Pilate is clearly a conflicted man when Jesus is brought to him. He understands that the Jewish leaders have an agenda in wanting to see Jesus crucified (see Matthew 27:18). On the other hand, he has a responsibility to maintain the Pax Romana (Roman peace) established by Augustus and maintained by his successor Tiberius. Whatever transpires, he wants to stay on Rome’s good side.
In the middle of this is Jesus. It seems to me that as Pilate interacts with Jesus, two things become increasingly clear: he has never met anyone who is anything like Him, and he has a growing reluctance to have anything to do with allowing Jesus to be crucified.
In 19:1ff, Pilate has Jesus flogged. The soldiers clothe Him in a purple robe and put the crown of thorns on His head. Pilate brings Him out before the crowd, seemingly in hopes that they will be appeased by this mistreatment.
They’re not. The Jewish leaders call out for Jesus to be crucified. Pilate repeats that he has found no basis for a such a charge. The leaders respond by saying that Jesus has committed a capital offense according to their law by claiming to the Son of God.
When Pilate hears this, John tells us “he was even more afraid.” You can feel his growing uneasiness around Jesus. Christ had said, “Whoever is not with Me is against Me” (Matthew 12:30) and Pilate is like most unbelievers—he’s not comfortable being against Jesus. He would much prefer to find some type of middle ground—but there is none. He then asks Jesus, “Where do You come from?” (v. 9). He had started off his interview by asking Christ if He was the King of the Jews (18:33), but they are way past that now. Pilate is probing to find out exactly what manner of person is standing before him.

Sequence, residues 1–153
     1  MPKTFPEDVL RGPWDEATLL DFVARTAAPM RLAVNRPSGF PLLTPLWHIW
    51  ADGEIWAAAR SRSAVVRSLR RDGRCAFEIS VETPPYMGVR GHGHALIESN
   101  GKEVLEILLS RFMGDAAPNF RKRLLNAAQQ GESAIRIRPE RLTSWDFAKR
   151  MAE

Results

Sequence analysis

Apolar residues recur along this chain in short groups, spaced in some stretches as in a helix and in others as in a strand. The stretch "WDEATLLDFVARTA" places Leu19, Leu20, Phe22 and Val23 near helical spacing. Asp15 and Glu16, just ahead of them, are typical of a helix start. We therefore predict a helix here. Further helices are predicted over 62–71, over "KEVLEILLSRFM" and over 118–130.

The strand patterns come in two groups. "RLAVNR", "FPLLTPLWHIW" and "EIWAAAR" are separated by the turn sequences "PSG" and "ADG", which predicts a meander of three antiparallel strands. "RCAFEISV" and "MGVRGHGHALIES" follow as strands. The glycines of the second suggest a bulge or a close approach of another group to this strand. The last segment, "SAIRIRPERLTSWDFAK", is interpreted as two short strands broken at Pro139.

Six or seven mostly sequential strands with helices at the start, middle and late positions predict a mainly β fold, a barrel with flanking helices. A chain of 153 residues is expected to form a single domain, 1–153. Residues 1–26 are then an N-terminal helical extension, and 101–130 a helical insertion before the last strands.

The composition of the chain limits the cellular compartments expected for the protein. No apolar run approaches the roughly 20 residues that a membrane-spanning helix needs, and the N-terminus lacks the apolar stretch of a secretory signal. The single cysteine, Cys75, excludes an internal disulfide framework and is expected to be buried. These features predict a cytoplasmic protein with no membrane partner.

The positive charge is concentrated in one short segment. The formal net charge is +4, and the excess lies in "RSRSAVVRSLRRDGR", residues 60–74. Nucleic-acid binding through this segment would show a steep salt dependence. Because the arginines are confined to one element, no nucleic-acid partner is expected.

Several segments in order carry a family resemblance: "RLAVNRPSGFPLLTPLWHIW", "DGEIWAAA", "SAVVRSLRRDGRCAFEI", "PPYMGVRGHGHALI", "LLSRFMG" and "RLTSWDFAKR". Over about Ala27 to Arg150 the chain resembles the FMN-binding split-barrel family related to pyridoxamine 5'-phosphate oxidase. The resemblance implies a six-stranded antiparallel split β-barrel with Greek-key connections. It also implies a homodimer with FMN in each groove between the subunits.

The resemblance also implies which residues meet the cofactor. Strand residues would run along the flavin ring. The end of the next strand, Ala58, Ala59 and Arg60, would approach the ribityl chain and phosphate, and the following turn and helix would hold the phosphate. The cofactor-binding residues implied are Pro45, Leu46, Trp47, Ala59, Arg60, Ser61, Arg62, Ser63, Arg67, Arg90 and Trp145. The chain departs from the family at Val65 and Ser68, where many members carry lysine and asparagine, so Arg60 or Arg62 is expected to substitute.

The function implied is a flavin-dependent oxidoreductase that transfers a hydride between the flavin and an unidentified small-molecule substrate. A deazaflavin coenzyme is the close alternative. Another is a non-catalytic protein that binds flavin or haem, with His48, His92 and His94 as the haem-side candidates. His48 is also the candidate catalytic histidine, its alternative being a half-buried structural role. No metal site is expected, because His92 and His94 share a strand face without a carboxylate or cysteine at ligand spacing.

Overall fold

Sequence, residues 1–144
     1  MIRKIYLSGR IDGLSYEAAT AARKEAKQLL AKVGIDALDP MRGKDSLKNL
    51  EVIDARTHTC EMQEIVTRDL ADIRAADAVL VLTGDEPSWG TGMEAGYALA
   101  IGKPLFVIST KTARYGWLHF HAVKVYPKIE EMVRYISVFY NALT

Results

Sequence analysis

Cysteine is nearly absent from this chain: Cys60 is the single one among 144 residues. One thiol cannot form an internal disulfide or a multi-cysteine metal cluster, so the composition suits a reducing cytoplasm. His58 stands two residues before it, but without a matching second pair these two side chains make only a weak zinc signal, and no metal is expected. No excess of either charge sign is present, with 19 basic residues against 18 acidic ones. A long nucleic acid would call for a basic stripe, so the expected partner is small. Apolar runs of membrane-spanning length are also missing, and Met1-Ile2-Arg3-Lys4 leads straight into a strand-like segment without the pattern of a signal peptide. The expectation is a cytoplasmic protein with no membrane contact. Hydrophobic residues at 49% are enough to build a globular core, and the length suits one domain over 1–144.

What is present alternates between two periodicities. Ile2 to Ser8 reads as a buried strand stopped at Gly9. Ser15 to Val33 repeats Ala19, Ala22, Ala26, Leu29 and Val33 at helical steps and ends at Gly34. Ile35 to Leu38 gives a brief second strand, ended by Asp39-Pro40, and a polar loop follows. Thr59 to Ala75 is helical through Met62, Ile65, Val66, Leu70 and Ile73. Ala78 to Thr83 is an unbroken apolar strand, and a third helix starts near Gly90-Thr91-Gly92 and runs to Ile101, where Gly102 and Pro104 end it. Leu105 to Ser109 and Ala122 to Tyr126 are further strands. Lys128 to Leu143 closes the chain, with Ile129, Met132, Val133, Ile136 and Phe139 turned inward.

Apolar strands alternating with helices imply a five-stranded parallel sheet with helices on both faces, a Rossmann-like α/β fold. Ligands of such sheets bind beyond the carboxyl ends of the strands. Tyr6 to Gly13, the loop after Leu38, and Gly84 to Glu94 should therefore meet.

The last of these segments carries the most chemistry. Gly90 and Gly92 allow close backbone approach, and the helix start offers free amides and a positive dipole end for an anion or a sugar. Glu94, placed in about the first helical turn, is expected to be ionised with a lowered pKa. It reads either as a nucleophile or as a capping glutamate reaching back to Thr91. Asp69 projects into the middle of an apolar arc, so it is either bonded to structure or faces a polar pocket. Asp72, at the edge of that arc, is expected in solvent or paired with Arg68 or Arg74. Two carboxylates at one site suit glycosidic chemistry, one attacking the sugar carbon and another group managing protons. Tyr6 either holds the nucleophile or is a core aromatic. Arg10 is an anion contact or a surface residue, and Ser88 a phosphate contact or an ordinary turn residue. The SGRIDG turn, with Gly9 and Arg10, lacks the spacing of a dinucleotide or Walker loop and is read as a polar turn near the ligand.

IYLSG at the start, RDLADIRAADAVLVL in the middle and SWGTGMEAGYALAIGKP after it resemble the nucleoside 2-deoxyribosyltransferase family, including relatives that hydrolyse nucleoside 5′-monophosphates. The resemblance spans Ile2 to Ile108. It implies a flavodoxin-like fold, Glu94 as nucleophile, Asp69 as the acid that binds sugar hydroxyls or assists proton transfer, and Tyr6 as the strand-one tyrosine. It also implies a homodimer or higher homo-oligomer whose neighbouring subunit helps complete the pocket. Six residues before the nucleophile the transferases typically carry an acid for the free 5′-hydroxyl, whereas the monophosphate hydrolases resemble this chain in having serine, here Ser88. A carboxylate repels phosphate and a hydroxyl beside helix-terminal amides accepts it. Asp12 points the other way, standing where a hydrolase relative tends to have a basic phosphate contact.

Jesus is absolutely no help as John tells us He “gave him no answer” (v. 9). Most of us have heard of Christ’s seven statements from the cross, but before that there was this moment when He chose not to speak. It was a temporary measure, to be sure, as He resumed speaking shortly after that. Nevertheless, He adopted this strategy more than once when He was “tried” before the Jewish and Roman leaders (see Matthew 26:63, 27:14). This should give us pause to reflect upon the possibility that sometimes the most powerful thing to say is . . . nothing at all.
That’s a truth that doesn’t get much traction in our culture. We have been inculcated with the idea that we should speak if for no other reason, because we can. Or, we sometimes say something because we feel like we must—to not speak is somehow seen as being powerless or a sign of weakness (try telling that to Jesus).
“I have the right to express my opinion!” That’s true. It’s also true that there is a vast difference between opinions and informed opinions. Proverbs tells us, “Fools find no pleasure in understanding, but delight in airing their own opinions” (18:2). Sadly, we’ve all come across too much on social media that has bore witness to this.
Still, none of this was true for Jesus. His silence wasn’t because He couldn’t have said something meaningful—it was because the most meaningful response was none at all! There is a time to speak but also “a time to be silent” (Ecclesiastes 3:7). We are to be “quick to listen, and slow to speak” (James 1:19).
I leave us with this challenge: if you haven’t done this in a while, try it. The next time you really don’t have anything to say—don’t say anything (I promise it will be all right!). The next time you really don’t have an informed opinion to offer, be content just to listen (and maybe ask a few thoughtful questions). The next time you’re in a discussion with someone who is really not listening to you, save your words until they are ready to hear what you have to say.
Remember the example of Jesus—there is power in silence!